Sergei Cherepanov

Smart guy with low self esteem

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A solution to “Symbol not found: _objc_readClassPair”

I’m using [Greenhouse CI](, they’ve got test machines running under OS X Mavericks. My iOS project was failing during attempt to run tests. Some googling brought to me several similar OS X issues mentioning 10.10 test deployment target being a culprit, and this issue gets fixed by setting target to 10.9

It appeared that the same solution applies to iOS projects - you need to set OS X Deployment Target to 10.9 for your iOS tests, and everything starts to work.

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Thread safe variable access, functional way. Part I.

Correctness of the threaded code has always been a concern. The common pattern is guarding some shared state with a serial dispatch queue:

func setCounter(value: Int) {
  dispatch_async(syncQueue) {
    self.counter = value

func getCounter() -> Int {
  var result = 0
  dispatch_sync(syncQueue) {
    result = self.counter
  return result

This code has a big drawback - nothing prevents developer from accessing counter from outside the syncQueue.

We can easily fix that by wrapping the variable in a container:

class AccessibleOnQueue<T> {
    init(_ value: T) {
        self.value = value

    private var value: T

But how do we access that value? We don’t. Instead we provide a way to apply a function to the contained value:

extension AccessibleOnQueue {
    func accessor<U>(f: (inout T) -> U)
                -> AccessibleOnQueue<() -> U> {

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JSON mapping and reader monad [DRAFT]

Functional JSON mapping became a hot theme recently. Clear declarative syntax backed by cryptic concepts of monads and applicative functors has exploded many heads.
I’d like to talk about a little refinement of our mapping pattern to better isolate mapping algorithms from actual data.

Let’s start with some simple mapping code:

struct User {
let name: String
let age: Int

static func build(name: String)(age: Int) -> User {
    return User(name: name, age: age)


// TODO: write operators

let JSON = [“name”: “Sergei”, “age”: 30]
let user = >> stringForKey(JSON, “name”)
>>> intForKey(JSON, “age”)

The thing that bothers me is coupling of input JSON with our mapping logic. What if we could rectify our mapping to remove this dependency?

Let’s introduce a Reader monad. The simple idea behind is expressing our computation as a function of our...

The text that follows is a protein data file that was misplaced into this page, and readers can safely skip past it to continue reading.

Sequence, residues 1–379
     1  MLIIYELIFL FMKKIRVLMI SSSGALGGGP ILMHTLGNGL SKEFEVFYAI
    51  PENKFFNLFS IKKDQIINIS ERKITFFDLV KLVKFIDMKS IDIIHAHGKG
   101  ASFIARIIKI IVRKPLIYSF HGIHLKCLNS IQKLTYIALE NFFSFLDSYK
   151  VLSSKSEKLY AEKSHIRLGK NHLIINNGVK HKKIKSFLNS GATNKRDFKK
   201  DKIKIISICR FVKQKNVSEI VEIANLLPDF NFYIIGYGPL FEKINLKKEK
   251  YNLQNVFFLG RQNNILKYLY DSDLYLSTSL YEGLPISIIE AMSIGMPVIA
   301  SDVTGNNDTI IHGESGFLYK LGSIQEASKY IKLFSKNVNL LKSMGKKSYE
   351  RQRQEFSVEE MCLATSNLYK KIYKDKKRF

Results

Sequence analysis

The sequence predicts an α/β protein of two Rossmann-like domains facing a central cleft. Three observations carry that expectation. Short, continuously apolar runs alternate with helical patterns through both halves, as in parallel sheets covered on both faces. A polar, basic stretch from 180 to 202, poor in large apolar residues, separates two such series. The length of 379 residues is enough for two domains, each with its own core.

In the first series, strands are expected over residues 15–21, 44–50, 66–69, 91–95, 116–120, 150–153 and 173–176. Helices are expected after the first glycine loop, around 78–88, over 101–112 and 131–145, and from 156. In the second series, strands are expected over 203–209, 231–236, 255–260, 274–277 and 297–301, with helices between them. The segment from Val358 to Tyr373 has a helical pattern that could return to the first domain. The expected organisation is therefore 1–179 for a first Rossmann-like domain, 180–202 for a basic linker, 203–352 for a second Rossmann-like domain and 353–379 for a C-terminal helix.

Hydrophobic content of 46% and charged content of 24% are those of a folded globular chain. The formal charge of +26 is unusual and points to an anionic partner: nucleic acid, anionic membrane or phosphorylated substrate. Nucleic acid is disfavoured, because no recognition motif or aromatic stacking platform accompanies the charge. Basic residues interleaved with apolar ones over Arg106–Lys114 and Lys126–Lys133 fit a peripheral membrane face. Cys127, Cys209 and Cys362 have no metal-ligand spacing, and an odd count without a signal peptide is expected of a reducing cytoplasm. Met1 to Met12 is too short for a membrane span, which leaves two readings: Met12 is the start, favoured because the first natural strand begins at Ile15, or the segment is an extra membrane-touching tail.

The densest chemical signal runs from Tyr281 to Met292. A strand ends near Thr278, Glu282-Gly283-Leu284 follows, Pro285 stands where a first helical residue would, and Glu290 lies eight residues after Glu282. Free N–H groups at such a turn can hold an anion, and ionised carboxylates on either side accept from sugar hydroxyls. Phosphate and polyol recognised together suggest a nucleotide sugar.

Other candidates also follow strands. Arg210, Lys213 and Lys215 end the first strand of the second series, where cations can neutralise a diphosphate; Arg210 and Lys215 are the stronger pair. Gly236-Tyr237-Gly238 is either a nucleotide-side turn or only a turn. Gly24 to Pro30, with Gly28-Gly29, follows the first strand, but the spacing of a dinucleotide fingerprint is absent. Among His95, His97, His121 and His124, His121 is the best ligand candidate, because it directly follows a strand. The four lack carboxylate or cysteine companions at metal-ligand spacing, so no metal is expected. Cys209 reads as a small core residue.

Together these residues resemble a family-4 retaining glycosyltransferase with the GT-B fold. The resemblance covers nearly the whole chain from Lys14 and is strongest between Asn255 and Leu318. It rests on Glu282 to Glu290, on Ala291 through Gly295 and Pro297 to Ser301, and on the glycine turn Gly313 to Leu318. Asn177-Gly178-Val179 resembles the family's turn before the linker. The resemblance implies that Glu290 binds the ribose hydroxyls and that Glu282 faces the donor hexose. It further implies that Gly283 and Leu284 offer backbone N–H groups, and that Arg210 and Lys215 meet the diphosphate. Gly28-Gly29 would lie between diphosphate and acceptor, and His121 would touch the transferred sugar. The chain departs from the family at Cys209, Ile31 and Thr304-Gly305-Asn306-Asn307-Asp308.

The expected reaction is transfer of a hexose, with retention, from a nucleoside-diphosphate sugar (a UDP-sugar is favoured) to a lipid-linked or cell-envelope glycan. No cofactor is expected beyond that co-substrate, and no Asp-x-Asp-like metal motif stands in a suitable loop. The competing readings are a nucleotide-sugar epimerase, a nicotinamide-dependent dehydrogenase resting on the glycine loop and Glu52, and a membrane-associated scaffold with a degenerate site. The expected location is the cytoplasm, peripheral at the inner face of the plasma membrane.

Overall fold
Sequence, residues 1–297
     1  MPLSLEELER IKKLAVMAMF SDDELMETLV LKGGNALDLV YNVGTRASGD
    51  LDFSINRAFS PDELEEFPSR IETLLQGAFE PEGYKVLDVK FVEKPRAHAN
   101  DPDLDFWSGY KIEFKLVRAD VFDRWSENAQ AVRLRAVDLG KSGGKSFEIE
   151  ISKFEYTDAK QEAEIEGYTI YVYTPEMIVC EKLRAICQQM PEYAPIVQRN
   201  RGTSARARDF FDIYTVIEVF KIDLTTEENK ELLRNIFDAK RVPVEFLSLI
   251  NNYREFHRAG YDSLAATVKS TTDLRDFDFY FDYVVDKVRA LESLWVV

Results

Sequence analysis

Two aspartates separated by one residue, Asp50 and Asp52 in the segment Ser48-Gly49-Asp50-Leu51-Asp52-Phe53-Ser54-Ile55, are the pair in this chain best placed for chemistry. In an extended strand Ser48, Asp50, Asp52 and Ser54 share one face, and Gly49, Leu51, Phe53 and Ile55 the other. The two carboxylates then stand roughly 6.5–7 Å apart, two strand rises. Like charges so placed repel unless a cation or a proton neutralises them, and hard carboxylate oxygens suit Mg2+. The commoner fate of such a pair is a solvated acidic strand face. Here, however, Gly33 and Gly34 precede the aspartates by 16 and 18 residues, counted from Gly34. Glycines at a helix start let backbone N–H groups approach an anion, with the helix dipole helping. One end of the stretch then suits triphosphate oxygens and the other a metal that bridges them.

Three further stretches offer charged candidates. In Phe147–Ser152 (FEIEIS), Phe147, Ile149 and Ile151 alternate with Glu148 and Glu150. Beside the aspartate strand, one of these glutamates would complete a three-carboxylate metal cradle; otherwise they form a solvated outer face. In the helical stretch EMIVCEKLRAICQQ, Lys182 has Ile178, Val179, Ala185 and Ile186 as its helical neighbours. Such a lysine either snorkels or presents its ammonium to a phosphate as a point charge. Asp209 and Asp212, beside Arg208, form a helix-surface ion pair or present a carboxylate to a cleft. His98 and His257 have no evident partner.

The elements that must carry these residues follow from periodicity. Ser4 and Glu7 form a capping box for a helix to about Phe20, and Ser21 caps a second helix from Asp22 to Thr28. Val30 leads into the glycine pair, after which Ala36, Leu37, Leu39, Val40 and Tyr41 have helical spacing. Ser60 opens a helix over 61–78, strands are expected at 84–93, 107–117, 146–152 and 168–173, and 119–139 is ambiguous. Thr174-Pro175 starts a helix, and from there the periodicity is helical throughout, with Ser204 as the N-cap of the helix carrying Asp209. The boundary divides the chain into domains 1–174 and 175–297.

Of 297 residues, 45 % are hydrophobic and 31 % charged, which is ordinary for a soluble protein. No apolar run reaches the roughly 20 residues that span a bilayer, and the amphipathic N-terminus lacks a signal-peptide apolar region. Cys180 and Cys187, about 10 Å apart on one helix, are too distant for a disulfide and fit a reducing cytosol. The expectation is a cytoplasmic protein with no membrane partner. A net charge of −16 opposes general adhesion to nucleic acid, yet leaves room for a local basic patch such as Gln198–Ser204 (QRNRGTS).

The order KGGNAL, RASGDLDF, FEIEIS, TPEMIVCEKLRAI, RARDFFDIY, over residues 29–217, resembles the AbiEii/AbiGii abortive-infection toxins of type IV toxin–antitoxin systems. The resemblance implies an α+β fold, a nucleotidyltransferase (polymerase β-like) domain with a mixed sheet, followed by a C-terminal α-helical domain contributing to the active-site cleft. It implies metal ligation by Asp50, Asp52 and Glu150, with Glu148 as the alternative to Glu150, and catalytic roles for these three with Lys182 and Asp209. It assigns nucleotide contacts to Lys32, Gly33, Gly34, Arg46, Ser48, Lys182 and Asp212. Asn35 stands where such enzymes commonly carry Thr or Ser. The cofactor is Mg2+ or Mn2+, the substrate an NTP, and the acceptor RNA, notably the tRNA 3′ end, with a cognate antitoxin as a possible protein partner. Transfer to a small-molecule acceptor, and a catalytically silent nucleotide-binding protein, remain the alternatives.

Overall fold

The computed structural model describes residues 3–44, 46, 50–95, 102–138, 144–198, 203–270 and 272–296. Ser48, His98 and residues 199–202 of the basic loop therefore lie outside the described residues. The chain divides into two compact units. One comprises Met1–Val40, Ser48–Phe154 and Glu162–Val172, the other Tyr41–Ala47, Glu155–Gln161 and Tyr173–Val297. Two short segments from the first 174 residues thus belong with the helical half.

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Write yourself KVO in Swift

KVO is a major part of Objective-C dynamic nature. Having virtually every property or ivar observable by its key path opens doors to simple bindings or advanced technologies like ReactiveCocoa.

But what about Swift? It’s static nature shuts the possibility to observe properties of any class not willing to do so (by means of willSet and didSet). Not nice.

If we are going to observe something static, we need at least two things: a list of names of observable fields and a way to get their values by that name. Reminds of anything? Of course, that’s what Dictionary does.

Let’s define a goal. Assume we have a Swift dictionary of Any, and we want to add some observer block bound to particular key to be called when the value of that key gets changed. As a first step we will ignore the complexity of key-path navigation and start with a single key observation.

What do we need? First, a class...

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Facebook iOS Infrastructure talk

I’d like to share this brilliant talk from Facebook regarding their experience in building Facebook app.

One of the most important problems for them was to tame model layer performance. As a part of their migration from HTML to native code, they used Core Data as a model layer for caching data (and I did the same for my Chat Tomat app). After some time as the number of models grew, the number of relations between them grew even faster, leading to exponential performance loss during startup.

The solution they came with is pretty similar to what I do in GuessMe app, the ancestor of Chat Tomat - using immutable objects stored in some plain storage like an array. The thing I liked the most from their talk is the architecture of Consistency Manager layer, notifying components about changes in related models from different components, say user’s profile picture displayed in dialogs. The...

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How to use your own frameworks in Swift playgrounds

With the new beta of Xcode Apple added support for importing custom frameworks to Swift Playgrounds. Let’s explore the way to use them.

We’ll start with a new Cocoa Touch Framework project:

Let’s call it MyFramework. I have selected Objective-C as a main language as I heard of some issues of creating pure Swift frameworks, and also there’s no problem in adding Swift files to Objective-C framework as well.

Now let’s add a class to our framework:


import <Foundation/Foundation.h>
@interface MyClass : NSObject
- (NSString *) greeting;


import "MyClass.h"
@implementation MyClass
- (NSString *) greeting {
    return @"Hello from Framework";

Next we need to add MyClass.h to framework umbrella header and make sure it will be copied to framework bundle:

Add this line to MyFramework.h:

import <MyFramework/MyClass.h>

And change MyClass.h visibility to...

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